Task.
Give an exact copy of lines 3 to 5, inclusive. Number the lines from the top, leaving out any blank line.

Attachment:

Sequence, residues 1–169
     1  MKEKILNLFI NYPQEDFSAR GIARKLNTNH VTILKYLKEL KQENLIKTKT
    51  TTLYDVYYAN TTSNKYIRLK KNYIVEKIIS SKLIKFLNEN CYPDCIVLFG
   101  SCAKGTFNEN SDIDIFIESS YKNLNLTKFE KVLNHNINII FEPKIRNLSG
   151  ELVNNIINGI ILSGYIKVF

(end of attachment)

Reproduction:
    51  TTLYDVYYAN TTSNKYIRLK KNYIVEKIIS SKLIKFLNEN CYPDCIVLFG
   101  SCAKGTFNEN SDIDIFIESS YKNLNLTKFE KVLNHNINII FEPKIRNLSG
   151  ELVNNIINGI ILSGYIKVF